To confirm the flow cytometry analysis results, DAPI staining and TUNEL were performed. The morphologic hallmarks of apoptosis include chromatin margination, nuclear condensation and fragmentation. Normal cell nuclei were uniform and without condensation or fragmentation in the control group (Figure 3A-a). In HepG2 cells treated with adenosine or co-treated with Ad-shGRP78 and adenosine, cell nuclei became condensed and shrunken; typical apoptotic bodies appeared (Figure 3A–c and 3A–d). Both cell apoptotic ratios in adenosine alone and the combination treatment group by DAPI staining were over 40-fold higher than that in control group (30.70% ± 7.66%, 36.10% ± 8.68% vs. 0.74% ± 0.26%; both p < 0.01); and the apoptotic ratio in combination treatment group was higher than that in adenosine alone group (p < 0.05, Figure 3B). TUNEL assay also showed the similar results (Figure 3C,D). These data are consistent with previous studies of cell growth inhibition, indicating that adenosine-mediated growth inhibition is at least partly due to the G0/G1 phase arrest and apoptosis induction. These results further demonstrate that knockdown of GRP78 enhances the cytotoxicity of adenosine in HepG2 cells.
2.1.3. Effects of Caspase-4 Knockdown on Adenosine-Induced Cell Growth Inhibition and Apoptosis
Caspase-4 is a member of the inflammatory caspase group, and is localized to the ER. It is specifically activated by ER stress, including disruption of ER calcium homeostasis and accumulation of excess proteins in the ER. Activated caspase-4 directly cleaves procaspase-9 into active caspase-9, which further cleaves and activates caspase-3, resulting in apoptosis . To identify the involvement of caspase-4 in adenosine-mediated cell death, we examined the effects of caspase-4 knockdown, by plasmid-delivered caspase-4 shRNA (p-shCasp-4), on adenosine-induced apoptosis. Real-time PCR showed that knockdown of caspase-4 with p-shCasp-4 at 2.0 and 4.0 μg DNA effectively decreased caspase-4 mRNA expression to 28.15% ± 5.65% and 23.41% ± 6.12%, respectively, compared with the control group (100% ± 6.3%, p < 0.05, Figure 4B). Concomitantly, knockdown of caspase-4 at 2.0 and 4.0 μg significantly increased the cell viability (78.1% ± 9.3%, 87.4% ± 7.65% vs. 65.3% ± 3.8% compared with the positive control, respectively, p < 0.05, Figure 4A). Knockdown of caspase-4 significantly decreased caspase-3 mRNA expression (p < 0.05, Figure 4E) and cell apoptosis (25.84% ± 4.98% vs. 32.40% ± 3.87%, p < 0.05, Figure 4C), but did not further decrease mitochondrial membrane potential (ΔΨm) (compared with the positive control, p > 0.05, Figure 4D) after adenosine treatment. Altogether, these results show that caspase-3 activation, but not ΔΨm is involved in caspase-4 activation, which suggests that caspase-4 plays a key role in ER stress-mediated apoptosis.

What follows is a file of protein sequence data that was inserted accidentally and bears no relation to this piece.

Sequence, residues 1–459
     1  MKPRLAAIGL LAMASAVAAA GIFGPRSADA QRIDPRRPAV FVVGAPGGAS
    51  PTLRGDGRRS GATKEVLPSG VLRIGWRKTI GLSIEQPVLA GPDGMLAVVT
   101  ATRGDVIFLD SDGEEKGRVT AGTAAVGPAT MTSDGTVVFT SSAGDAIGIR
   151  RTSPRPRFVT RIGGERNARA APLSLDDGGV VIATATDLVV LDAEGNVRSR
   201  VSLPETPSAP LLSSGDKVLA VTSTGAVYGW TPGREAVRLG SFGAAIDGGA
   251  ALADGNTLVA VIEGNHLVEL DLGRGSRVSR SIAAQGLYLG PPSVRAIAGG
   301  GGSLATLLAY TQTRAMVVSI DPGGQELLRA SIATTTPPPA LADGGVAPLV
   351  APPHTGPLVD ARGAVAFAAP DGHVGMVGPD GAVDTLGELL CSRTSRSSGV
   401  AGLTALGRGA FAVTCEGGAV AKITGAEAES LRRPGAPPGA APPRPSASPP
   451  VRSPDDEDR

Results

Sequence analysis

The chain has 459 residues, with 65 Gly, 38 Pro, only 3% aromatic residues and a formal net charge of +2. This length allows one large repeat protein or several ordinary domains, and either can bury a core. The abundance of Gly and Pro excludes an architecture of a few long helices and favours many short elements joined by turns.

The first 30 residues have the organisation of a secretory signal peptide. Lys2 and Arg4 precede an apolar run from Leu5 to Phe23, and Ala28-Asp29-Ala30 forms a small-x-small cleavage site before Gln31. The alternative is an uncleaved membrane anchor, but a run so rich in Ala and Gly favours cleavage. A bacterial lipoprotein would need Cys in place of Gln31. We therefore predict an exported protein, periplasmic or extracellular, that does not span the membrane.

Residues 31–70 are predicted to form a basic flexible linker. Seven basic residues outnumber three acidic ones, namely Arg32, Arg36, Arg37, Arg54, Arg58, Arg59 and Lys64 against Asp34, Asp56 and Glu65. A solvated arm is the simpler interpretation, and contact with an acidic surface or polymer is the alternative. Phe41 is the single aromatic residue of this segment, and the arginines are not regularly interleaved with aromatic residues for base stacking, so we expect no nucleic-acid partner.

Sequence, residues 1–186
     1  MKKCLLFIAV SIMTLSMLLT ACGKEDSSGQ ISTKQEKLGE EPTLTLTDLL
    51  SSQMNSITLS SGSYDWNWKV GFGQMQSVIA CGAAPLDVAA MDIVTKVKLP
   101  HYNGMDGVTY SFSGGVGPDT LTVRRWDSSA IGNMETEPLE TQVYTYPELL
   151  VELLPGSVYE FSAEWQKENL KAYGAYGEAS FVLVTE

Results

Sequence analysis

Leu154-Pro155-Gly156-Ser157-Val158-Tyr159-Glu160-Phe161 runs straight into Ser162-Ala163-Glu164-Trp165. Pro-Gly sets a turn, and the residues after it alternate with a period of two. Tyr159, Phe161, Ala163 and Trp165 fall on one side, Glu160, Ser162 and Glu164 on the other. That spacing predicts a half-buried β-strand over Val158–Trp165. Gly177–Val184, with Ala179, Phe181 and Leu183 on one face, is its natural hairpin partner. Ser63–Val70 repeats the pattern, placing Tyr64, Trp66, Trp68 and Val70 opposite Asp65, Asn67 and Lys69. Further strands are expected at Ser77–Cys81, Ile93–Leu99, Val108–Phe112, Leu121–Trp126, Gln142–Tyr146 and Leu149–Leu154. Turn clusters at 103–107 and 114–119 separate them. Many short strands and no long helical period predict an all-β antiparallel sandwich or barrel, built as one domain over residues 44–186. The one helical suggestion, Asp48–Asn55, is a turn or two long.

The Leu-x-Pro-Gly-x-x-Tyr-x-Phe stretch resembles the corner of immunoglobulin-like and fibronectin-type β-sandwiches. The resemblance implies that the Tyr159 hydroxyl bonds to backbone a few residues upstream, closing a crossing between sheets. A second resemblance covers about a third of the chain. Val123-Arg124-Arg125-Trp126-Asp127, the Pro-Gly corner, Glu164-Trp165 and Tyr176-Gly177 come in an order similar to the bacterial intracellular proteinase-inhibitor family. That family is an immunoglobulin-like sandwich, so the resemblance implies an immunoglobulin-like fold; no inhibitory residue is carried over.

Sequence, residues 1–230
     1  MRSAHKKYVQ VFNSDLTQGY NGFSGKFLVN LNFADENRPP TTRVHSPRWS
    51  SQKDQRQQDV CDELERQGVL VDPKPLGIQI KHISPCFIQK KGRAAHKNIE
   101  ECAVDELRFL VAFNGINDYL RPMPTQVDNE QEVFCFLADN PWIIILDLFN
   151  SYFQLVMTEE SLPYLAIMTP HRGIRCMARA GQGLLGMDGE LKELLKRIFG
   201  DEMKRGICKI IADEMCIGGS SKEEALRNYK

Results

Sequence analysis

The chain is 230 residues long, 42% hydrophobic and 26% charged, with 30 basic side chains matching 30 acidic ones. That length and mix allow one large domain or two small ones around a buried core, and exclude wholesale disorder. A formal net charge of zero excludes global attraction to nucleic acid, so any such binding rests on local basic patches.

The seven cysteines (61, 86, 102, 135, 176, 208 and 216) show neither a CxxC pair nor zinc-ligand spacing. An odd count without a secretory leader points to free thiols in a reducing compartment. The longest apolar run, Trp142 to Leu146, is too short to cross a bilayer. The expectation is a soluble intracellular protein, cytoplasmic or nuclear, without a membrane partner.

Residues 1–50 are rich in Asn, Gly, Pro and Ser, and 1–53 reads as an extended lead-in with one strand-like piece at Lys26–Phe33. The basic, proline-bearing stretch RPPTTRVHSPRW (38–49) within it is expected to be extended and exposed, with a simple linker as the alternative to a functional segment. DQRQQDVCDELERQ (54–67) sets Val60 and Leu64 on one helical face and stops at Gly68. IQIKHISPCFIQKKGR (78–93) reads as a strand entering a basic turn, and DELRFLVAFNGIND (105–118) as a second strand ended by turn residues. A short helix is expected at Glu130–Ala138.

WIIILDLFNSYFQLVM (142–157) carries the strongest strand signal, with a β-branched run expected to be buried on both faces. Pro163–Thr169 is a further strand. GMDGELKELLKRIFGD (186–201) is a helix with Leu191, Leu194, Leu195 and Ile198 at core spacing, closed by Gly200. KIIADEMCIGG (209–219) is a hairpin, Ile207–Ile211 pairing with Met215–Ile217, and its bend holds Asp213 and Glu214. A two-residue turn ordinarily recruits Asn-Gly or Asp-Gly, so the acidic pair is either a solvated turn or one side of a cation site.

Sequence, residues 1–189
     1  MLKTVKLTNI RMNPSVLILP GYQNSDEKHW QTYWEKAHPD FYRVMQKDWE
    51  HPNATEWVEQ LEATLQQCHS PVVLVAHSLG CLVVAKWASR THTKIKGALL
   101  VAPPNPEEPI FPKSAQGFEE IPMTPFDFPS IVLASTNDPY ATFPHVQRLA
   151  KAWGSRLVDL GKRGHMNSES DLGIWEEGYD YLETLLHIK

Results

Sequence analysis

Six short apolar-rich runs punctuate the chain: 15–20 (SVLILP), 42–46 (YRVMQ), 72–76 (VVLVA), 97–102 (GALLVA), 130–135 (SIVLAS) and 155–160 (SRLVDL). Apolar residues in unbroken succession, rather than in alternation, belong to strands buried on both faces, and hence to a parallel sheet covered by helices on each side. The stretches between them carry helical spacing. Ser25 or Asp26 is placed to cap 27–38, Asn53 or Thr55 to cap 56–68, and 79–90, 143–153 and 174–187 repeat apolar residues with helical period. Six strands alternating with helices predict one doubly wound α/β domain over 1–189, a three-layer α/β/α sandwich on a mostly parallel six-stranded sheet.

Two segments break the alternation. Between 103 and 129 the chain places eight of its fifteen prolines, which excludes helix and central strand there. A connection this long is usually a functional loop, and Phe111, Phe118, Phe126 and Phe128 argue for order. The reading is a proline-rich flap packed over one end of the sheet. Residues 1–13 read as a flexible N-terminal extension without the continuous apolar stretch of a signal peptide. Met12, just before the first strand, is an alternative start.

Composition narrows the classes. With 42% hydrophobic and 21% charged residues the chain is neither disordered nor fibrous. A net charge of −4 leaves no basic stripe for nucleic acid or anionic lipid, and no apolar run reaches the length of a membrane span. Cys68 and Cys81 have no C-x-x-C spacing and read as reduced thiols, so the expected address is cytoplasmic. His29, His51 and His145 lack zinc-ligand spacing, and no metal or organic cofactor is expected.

2.1.4. Effects of GRP78 Knockdown on Adenosine-Induced Cytosolic [Ca2+]i and Mitochondrial Membrane Potential (ΔΨm)
To determine whether adenosine influences intracellular [Ca2+]i, the level of cytosolic Ca2+ was measured with Fluo-3/AM staining by LSCM. Compared with the untreated control (Ad-GFP), knockdown of GRP78 did not affect the change in fluorescence intensity (ΔF/F0) (p > 0.05, Figure 5A-a and 5A–b). However, treatment of HepG2 cells with adenosine alone or combination treatment with Ad-shGRP78 increased the fluorescence ratio (ΔF/F0) by 1.88- and 2.10-fold as compared with the control group (p < 0.05, Figure 5B), suggesting that adenosine but not Ad-shGRP78 increases the cytosolic [Ca2+]i. In other words, adenosine treatment causes ER stress and increases in cytosolic [Ca2+]i. Knockdown of GRP78 by RNAi reinforces the trend when HepG2 cells are treated with adenosine.